In this chapter we analyze two case studies of bullying in Unitied Kingdom (UK) universities, one involving a student of social work and another of a faculty member in a psychology department. The initial disjuncture in one case study occurred when a victim of bullying was labeled as "mentally ill," and the second was when someone was bullied because of a label of "mental illness." These two similar but opposing disjunctures offer an opportunity for comparative analysis. This includes an investigation of the process and discourses at play within the broader context of UK higher education and constructions of bullying and emotional distress.


No body, no crime? (Representations of) sexual violence online

J. Tosh

Sexual violence is an ever-increasing feature of online culture, with rape the central aim of ‘stalking simulators’ as well as the infamous violence directed towards avatar sex workers in the Grand Theft Auto franchise (Martinez & Manolovitz, 2010, p. 68). This is in addition to the word ‘rape’ being commandeered and redefined by online gaming communities to refer to murder, humiliation and destruction (Hernandez, 2012) while simultaneously being ridiculed in online rape ‘jokes’ (Kramer, 2011). Using discourse analysis (Parker, 1992; 2003), this chapter examines discussions from online forums about the use of the word rape to refer to instances of sexual violence in online spaces. It interrogates the debate around whether these occurrences are forms of sexual violence, or representations of sexual violence based on the presence/absence of an embodied material experience. 

Gender nonconformity or psychiatric noncompliance? How organized noncompliance can offer a future without psychiatry

J. Tosh

Gender nonconformity has been pathologized by psychiatry for well over a century, and critiques of this pathologization are numerous. I add to this body of analysis by drawing on feminist, transgender and critical psychology perspectives to critique current psychiatric diagnostic approaches to gender. I also foreground the role of power in psychiatry’s defining of gender normality by interweaving poststructuralist and intersectionality theory (Crenshaw, 1991; Foucault, 1977), including a discursive analysis of the criteria for “gender dysphoria” (Parker, 2003). In conducting this analysis, I illustrate how the diagnosis of gender dysphoria represents a form of psychiatric noncompliance, which is considered problematic by psychiatry but offers a useful way of resisting psychiatric power when organized.

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K. Winters, J. Temple Newhook, J. Pyne, S. Feder, A. Jamieson, C. Holmes, M. Sinnott, S. Pickett, & J. Tosh

The authors answer recent responses by Steensma & Cohen-Kettenis (2018) and Zucker (2018) to our critical commentary on “desistance” stereotypes and their underlying research on trans and gender diverse children (Temple Newhook et al., 2018). We provide clarification in the following areas: (1) the scope of our paper; (2) our support of longitudinal studies; (3) consequences of harm to trans and gender diverse children; (4) clinical practice implications; (5) concerns about validity of research methodology; and (6) the importance of learning to listen to trans and gender diverse children.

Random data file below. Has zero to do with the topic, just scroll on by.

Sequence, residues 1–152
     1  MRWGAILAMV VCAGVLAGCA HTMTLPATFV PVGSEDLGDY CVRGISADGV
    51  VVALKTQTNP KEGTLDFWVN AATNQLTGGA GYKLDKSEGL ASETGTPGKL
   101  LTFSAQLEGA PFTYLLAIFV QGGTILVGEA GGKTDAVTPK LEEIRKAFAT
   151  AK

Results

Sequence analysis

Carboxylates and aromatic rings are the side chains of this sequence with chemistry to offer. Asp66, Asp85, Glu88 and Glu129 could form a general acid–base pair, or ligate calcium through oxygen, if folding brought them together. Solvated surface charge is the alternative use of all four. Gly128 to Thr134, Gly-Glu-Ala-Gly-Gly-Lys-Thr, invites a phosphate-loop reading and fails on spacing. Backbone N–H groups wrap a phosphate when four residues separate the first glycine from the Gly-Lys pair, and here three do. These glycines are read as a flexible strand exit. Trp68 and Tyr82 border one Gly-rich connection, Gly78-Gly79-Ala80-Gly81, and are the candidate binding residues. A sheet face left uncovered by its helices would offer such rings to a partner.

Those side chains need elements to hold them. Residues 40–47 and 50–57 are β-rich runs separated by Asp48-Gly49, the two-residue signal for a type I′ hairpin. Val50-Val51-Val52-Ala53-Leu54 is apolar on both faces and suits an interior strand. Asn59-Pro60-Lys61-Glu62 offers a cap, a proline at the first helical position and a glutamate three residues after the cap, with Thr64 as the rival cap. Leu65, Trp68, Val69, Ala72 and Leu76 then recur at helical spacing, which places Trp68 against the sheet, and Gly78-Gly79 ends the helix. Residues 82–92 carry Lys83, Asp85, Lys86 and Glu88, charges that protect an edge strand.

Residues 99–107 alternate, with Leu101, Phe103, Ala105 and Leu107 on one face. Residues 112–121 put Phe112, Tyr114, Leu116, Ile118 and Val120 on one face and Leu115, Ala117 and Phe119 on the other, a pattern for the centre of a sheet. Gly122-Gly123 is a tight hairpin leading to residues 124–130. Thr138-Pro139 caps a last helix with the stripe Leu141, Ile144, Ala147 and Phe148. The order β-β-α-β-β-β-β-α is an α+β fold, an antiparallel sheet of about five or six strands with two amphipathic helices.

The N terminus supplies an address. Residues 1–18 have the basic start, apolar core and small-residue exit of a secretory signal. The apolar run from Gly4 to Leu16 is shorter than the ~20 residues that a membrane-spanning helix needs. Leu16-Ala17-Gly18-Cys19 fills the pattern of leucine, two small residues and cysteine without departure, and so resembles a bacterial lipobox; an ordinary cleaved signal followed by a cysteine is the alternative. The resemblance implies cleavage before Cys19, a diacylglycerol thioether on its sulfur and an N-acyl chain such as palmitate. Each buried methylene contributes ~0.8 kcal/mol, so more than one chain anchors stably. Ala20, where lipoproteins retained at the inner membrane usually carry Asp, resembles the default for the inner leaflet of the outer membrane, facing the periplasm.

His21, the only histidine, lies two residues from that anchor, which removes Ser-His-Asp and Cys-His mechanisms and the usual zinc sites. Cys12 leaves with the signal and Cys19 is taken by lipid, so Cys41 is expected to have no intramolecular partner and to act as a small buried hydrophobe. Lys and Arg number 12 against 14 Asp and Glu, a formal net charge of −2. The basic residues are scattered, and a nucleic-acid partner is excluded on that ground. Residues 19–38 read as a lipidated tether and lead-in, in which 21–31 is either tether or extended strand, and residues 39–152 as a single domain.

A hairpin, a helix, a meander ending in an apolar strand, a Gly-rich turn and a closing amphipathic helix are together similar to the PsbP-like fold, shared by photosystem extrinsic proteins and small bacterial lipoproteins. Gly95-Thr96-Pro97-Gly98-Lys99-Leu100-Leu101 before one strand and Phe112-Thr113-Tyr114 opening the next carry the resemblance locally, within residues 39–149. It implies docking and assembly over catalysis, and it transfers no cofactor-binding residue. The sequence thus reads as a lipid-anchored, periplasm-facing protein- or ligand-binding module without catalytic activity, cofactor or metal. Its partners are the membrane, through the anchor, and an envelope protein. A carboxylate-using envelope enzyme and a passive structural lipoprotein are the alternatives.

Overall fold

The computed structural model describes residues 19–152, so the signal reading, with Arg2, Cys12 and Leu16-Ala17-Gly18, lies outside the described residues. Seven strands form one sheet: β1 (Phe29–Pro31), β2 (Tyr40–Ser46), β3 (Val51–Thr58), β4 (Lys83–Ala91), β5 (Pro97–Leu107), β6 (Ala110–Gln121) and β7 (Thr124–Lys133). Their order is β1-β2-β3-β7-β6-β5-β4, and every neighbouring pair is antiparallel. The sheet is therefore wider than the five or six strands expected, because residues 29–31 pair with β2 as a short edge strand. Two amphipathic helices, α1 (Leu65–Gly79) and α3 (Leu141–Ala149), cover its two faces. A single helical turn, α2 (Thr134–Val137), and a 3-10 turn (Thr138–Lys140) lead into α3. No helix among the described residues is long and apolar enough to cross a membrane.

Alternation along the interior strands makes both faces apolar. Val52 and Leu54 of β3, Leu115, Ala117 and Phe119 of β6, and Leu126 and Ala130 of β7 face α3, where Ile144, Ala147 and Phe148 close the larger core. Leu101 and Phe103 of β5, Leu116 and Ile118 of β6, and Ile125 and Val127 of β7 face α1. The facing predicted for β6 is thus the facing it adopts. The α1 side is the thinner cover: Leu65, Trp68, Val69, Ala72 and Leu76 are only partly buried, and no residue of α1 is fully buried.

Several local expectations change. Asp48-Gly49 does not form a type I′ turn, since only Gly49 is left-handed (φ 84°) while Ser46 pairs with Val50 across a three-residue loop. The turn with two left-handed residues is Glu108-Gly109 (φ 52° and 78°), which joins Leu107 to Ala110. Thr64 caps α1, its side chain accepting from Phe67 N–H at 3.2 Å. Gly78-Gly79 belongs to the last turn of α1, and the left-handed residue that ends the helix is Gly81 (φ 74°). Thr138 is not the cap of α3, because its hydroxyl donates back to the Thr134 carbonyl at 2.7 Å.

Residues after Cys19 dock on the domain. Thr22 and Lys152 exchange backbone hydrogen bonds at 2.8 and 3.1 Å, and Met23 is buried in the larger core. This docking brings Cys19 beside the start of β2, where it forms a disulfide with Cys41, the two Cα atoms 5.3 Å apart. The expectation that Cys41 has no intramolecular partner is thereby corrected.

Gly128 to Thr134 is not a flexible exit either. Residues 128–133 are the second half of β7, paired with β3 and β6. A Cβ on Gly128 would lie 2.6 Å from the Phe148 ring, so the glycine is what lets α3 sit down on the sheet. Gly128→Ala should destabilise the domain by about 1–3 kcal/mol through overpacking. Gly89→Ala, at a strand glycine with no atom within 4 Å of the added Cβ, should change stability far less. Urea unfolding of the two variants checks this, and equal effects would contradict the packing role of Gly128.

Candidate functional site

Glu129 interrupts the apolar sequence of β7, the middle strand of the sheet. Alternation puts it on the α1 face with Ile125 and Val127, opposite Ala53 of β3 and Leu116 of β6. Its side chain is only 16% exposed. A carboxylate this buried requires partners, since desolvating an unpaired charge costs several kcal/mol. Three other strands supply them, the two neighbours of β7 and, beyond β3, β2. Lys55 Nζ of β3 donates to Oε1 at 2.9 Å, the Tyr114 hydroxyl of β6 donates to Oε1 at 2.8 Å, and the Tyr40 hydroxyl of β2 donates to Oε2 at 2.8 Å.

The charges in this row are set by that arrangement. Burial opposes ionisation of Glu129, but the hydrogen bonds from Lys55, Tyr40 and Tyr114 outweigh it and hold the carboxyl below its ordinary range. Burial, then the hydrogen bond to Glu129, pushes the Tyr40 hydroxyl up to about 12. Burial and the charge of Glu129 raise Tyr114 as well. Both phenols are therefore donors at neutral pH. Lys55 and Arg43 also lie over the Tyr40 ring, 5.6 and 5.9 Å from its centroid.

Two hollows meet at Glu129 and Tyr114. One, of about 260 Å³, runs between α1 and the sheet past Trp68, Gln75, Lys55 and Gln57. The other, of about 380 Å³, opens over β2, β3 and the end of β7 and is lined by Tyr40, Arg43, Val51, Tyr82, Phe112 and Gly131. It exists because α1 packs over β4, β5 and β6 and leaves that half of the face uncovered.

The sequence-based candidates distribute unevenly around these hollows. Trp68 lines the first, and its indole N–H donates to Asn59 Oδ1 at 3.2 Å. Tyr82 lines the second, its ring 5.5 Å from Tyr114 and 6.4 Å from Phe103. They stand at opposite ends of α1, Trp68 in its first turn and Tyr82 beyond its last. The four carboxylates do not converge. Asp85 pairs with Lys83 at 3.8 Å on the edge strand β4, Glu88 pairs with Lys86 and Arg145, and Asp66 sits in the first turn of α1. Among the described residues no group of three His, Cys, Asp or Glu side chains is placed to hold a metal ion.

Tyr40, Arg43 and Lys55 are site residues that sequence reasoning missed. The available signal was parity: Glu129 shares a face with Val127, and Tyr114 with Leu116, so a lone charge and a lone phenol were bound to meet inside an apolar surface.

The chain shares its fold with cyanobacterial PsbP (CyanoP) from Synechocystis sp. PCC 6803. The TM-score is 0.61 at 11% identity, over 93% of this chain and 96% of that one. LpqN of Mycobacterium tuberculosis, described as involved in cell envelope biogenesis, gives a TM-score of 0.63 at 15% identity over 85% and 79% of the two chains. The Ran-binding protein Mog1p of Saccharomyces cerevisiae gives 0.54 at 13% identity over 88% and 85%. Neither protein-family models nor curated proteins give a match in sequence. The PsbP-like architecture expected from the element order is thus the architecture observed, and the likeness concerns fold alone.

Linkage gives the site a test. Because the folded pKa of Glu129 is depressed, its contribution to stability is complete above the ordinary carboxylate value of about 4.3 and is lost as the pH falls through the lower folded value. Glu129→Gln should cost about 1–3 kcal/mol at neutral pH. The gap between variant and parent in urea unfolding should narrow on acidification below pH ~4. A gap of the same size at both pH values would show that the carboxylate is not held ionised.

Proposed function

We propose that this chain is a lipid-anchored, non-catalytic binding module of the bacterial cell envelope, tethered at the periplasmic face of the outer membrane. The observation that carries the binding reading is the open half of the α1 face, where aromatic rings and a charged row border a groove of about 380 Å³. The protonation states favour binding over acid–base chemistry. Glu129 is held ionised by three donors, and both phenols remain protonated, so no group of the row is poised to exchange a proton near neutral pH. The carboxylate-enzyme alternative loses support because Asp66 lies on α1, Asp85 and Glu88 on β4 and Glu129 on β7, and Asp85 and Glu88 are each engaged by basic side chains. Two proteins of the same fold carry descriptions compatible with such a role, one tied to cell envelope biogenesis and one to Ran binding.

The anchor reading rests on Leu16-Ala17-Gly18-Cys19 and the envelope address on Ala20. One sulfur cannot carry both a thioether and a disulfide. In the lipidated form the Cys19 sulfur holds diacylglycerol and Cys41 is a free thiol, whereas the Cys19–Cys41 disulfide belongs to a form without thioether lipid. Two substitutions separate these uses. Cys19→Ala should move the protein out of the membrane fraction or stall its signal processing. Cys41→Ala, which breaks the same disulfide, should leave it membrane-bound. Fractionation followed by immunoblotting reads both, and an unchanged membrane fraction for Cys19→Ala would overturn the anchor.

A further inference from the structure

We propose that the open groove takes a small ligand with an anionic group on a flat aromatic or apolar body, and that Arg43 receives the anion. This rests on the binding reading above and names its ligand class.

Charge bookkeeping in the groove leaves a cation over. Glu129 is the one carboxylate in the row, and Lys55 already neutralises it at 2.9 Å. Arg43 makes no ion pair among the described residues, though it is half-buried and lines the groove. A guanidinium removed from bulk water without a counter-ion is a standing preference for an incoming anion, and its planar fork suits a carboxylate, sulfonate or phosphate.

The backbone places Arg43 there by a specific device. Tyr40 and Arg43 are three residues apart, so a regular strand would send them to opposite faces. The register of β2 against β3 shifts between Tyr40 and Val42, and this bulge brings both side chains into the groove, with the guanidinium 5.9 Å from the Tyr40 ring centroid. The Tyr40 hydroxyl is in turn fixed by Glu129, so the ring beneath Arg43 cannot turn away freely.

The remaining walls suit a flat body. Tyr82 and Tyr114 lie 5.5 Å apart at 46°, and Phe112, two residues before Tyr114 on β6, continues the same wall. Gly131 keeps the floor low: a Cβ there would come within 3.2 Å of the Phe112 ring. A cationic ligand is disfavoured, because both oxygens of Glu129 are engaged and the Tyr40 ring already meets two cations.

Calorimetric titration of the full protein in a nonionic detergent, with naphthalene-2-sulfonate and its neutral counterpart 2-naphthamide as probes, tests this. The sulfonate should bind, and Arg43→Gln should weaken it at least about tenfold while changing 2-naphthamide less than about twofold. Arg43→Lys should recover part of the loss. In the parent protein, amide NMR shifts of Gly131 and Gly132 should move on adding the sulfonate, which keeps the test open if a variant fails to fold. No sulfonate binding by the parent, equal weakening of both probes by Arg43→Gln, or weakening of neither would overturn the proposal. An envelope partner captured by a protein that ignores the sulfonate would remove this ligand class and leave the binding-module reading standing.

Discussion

J. Temple Newhook, J. Pyne, K. Winters, S. Feder, C. Holmes, J. Tosh, M. Sinnott, A. Jamieson & S. Pickett

It has been widely suggested that over 80% of transgender children will come to identify as cisgender (i.e., desist) as they mature, with the assumption that for this 80%, the trans identity was a temporary “phase.” This statistic is used as the scientific rationale for discouraging social transition for pre-pubertal children. This article is a critical commentary on the limitations of this research and a caution against using these studies to develop care recommendations for gender-nonconforming children. A critical review methodology is employed to systematically interpret four frequently-cited studies that sought to document identity outcomes for gender-nonconforming children (often referred to as “desistance” research). Methodological, theoretical, ethical, and interpretive concerns regarding four “desistance” studies are presented. The authors clarify the historical and clinical contexts within which these studies were conducted to deconstruct assumptions in interpretations of the results. The discussion makes distinctions between the specific evidence provided by these studies versus the assumptions that have shaped recommendations for care. The affirmative model is presented as a way to move away from the question of, “How should children's gender identities develop over time?” toward a more useful question: “How should children best be supported as their gender identity develops?” The tethering of childhood gender diversity to the framework of “desistance” or “persistence” has stifled advancements in our understanding of children's gender in all its complexity. These follow-up studies fall short in helping us understand what children need. As work begins on the 8th version of the Standards of Care by the World Professional Association for Transgender Health, we call for a more inclusive conceptual framework that takes children's voices seriously. Listening to children's experiences will enable a more comprehensive understanding of the needs of gender-nonconforming children and provide guidance to scientific and lay communities.